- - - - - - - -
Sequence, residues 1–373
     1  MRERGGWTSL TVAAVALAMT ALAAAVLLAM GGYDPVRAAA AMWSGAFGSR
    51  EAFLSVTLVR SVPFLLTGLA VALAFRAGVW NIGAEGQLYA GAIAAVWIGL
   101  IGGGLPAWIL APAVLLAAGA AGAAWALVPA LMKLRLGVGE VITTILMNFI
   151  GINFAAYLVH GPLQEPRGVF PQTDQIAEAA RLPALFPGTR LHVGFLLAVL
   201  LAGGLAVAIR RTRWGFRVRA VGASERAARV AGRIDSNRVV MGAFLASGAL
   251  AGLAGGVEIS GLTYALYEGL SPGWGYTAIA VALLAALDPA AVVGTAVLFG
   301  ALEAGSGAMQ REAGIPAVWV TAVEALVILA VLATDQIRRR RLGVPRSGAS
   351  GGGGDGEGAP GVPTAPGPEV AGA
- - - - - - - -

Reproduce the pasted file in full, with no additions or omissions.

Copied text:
Sequence, residues 1–373
     1  MRERGGWTSL TVAAVALAMT ALAAAVLLAM GGYDPVRAAA AMWSGAFGSR
    51  EAFLSVTLVR SVPFLLTGLA VALAFRAGVW NIGAEGQLYA GAIAAVWIGL
   101  IGGGLPAWIL APAVLLAAGA AGAAWALVPA LMKLRLGVGE VITTILMNFI
   151  GINFAAYLVH GPLQEPRGVF PQTDQIAEAA RLPALFPGTR LHVGFLLAVL
   201  LAGGLAVAIR RTRWGFRVRA VGASERAARV AGRIDSNRVV MGAFLASGAL
   251  AGLAGGVEIS GLTYALYEGL SPGWGYTAIA VALLAALDPA AVVGTAVLFG
   301  ALEAGSGAMQ REAGIPAVWV TAVEALVILA VLATDQIRRR RLGVPRSGAS
   351  GGGGDGEGAP GVPTAPGPEV AGA